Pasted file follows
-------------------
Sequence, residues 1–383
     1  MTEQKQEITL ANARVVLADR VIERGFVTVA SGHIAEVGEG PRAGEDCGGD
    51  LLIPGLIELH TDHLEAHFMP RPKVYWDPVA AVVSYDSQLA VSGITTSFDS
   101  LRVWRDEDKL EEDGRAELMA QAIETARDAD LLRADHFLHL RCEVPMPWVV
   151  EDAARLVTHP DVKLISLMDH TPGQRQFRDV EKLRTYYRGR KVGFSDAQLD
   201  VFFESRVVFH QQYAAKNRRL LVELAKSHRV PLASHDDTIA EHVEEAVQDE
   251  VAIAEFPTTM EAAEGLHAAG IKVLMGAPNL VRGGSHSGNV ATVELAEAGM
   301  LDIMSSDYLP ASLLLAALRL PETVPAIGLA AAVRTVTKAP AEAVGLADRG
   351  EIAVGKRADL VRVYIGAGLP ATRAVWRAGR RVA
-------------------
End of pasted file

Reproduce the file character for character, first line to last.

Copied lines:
Sequence, residues 1–383
     1  MTEQKQEITL ANARVVLADR VIERGFVTVA SGHIAEVGEG PRAGEDCGGD
    51  LLIPGLIELH TDHLEAHFMP RPKVYWDPVA AVVSYDSQLA VSGITTSFDS
   101  LRVWRDEDKL EEDGRAELMA QAIETARDAD LLRADHFLHL RCEVPMPWVV
   151  EDAARLVTHP DVKLISLMDH TPGQRQFRDV EKLRTYYRGR KVGFSDAQLD
   201  VFFESRVVFH QQYAAKNRRL LVELAKSHRV PLASHDDTIA EHVEEAVQDE
   251  VAIAEFPTTM EAAEGLHAAG IKVLMGAPNL VRGGSHSGNV ATVELAEAGM
   301  LDIMSSDYLP ASLLLAALRL PETVPAIGLA AAVRTVTKAP AEAVGLADRG
   351  EIAVGKRADL VRVYIGAGLP ATRAVWRAGR RVA